Heather Yeatman, President, Public Health Association of Australia
The implications for public health are significant. Research indicates that with more roads comes more cars. More cars mean more pollution and more accidents – at a significant cost to human health and health care resources. We need more public transport to get people, cars and trucks off roads – but these plans are being cut, cut, cut. This is very short sighted, provides economic incentives to car manufacturers and fossil fuel providers and damages human and environmental health. Bad public health policy.
Lewis Kaplan, CEO, General Practice NSW
By going back to the Ottawa Charter on Health Promotion (1986 but still completely relevant) and the UN High Level Meeting on Non-Communicable Disease in 2011 to both of which Australia signed up. Costings need to include the projected increases in obesity and concomitant costs on the health system of not addressing the issue at government level. Didn’t the Coalition also promise a new National Diabetes Strategy? This would be better focussed on a National Chronic Disease Strategy. We had one of these quite recently (last Coalition government) but little of it was implemented due to lack of funding commitment. It was a well-crafted document with disease specific improvement frameworks, so no need to re-invent it, just fund it adequately with continuity for at least 10 years!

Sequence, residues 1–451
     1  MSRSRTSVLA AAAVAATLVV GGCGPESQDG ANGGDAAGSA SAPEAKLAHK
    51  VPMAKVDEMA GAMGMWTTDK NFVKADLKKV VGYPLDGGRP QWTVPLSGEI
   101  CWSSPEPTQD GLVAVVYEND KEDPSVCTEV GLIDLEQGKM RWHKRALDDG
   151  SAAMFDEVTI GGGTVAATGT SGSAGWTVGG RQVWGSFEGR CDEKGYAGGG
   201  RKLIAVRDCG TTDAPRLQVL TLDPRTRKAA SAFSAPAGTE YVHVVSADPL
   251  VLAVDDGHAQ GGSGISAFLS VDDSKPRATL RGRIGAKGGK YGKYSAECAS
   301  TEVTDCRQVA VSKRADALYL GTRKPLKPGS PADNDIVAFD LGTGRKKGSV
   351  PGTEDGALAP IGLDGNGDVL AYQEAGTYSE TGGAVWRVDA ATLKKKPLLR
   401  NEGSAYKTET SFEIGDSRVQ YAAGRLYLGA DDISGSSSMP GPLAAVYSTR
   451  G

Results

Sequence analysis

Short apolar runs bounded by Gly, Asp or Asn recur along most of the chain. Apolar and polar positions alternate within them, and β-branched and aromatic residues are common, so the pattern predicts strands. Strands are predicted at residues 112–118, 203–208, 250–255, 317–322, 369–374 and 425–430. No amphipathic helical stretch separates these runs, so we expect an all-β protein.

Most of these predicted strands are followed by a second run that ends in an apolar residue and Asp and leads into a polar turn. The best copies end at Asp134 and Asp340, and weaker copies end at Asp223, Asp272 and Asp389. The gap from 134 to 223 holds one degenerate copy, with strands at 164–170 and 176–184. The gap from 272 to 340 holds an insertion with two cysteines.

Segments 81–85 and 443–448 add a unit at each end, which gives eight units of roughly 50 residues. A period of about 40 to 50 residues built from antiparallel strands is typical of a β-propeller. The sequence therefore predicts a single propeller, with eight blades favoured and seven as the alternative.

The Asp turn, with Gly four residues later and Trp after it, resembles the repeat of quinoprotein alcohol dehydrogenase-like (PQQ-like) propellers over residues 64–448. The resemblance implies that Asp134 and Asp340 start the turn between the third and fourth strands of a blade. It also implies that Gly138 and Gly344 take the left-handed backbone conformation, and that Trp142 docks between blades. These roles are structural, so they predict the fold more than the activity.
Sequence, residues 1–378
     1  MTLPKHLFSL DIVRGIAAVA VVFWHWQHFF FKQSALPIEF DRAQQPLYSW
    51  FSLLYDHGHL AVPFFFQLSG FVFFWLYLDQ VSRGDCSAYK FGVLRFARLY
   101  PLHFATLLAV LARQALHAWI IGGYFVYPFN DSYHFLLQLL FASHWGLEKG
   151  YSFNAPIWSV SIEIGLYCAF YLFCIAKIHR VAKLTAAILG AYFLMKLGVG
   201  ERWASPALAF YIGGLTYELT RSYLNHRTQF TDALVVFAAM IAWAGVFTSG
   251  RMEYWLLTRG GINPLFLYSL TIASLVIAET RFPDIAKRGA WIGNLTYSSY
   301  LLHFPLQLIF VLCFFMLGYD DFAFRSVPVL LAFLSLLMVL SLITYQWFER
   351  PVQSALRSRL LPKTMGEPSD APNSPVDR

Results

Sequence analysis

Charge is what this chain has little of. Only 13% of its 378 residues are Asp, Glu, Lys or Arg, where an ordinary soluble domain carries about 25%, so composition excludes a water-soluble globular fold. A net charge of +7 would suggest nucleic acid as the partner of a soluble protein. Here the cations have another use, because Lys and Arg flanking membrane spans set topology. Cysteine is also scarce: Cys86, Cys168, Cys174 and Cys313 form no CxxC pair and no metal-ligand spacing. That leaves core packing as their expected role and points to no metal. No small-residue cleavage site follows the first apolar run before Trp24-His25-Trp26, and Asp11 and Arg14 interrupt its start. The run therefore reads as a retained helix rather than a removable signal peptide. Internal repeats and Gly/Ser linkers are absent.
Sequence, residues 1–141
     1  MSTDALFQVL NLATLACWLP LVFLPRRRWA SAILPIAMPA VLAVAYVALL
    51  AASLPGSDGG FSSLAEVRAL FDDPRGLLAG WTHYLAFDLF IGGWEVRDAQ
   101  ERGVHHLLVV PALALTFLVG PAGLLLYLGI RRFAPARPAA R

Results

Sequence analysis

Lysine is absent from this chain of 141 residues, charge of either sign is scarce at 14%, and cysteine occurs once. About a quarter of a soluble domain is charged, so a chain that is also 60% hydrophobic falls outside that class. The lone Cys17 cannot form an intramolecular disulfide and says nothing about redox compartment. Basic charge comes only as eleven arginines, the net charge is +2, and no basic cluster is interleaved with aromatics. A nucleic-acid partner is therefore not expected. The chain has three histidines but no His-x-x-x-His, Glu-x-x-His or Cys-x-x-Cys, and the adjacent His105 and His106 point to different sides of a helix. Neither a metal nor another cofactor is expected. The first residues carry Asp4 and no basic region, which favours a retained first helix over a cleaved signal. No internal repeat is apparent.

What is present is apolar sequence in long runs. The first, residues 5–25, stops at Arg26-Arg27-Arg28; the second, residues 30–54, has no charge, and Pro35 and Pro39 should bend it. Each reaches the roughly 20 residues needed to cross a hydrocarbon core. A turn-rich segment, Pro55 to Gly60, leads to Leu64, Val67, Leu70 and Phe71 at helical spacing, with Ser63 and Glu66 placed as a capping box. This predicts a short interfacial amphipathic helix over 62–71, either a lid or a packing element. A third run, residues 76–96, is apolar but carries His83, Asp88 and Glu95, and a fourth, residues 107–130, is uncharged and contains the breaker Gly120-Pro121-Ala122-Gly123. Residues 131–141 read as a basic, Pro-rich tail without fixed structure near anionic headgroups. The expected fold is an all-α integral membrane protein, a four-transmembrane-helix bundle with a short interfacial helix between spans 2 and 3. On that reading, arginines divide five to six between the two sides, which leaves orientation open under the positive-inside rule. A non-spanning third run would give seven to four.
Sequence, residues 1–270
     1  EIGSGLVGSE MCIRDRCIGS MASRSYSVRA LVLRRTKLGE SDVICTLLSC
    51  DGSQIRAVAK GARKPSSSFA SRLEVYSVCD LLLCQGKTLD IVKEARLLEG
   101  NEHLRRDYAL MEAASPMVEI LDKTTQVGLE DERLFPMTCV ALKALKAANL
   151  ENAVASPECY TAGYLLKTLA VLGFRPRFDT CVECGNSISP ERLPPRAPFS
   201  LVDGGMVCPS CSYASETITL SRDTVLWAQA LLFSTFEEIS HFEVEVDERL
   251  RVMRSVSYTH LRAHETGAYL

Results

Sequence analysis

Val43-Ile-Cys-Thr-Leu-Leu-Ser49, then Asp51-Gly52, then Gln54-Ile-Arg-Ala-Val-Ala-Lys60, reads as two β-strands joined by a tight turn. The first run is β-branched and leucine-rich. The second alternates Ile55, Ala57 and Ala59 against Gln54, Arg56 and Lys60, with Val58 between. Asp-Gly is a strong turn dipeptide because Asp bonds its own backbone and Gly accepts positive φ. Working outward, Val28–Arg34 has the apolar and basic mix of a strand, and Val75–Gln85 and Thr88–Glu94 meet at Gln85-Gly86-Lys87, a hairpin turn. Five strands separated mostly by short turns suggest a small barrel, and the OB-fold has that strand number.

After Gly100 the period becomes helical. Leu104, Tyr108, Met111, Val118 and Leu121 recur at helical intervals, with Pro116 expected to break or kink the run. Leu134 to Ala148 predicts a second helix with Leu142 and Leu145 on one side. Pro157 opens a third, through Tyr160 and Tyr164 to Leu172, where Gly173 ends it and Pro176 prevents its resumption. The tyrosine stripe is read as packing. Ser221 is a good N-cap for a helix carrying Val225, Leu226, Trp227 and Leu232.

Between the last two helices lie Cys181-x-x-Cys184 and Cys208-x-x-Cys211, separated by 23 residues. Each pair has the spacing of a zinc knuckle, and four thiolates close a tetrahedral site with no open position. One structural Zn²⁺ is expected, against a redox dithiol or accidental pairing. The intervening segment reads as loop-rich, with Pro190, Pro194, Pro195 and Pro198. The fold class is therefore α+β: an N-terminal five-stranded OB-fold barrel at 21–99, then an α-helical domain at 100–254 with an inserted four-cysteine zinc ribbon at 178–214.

Lea McInerney, writer, researcher and facilitator
There’s a problem persuading the new PM about public health when he doesn’t accept the reality of climate change, the planetary limits to growth (economic, anyway) and the urgent need for significant structural change to make sure that we humans can continue to survive and thrive. Mr Abbott is strong on his commitment to family and his own played a big role in the election campaign (whatever you might think about that little trend). Perhaps some projections about climate scenarios his daughters and their generation are likely to face in 10, 20, 30, 40 and 50 years’ time – analysed through economic and wellbeing lenses – might help him formulate his thinking about this with more rigour than we’ve seen so far.
Dr Peter Parry, child & adolescent psychiatrist
Diesel particulate exhaust matter is a cause of much disability and early death. Phasing out of diesel to gas/lpg conversion is possible and, from a macro-economic viewpoint, cost-effective. Trucks on roads, however, remain a health risk from road safety and noise pollution aspects. Commuting by car for greater than 45 minutes has been associated with raised stress levels such as raised cortisol, trains offer a way to read/relax whilst commuting. Rail projects can have a health benefit that is cost-effective.
Carol Bennett, Consumers Health Forum
New roads that provide for safer travel can be an important public health measure but the importance of public transport in promoting public health through physical and social impacts cannot be understated. Let’s hope that there will be some investment in rail in the not too distant future.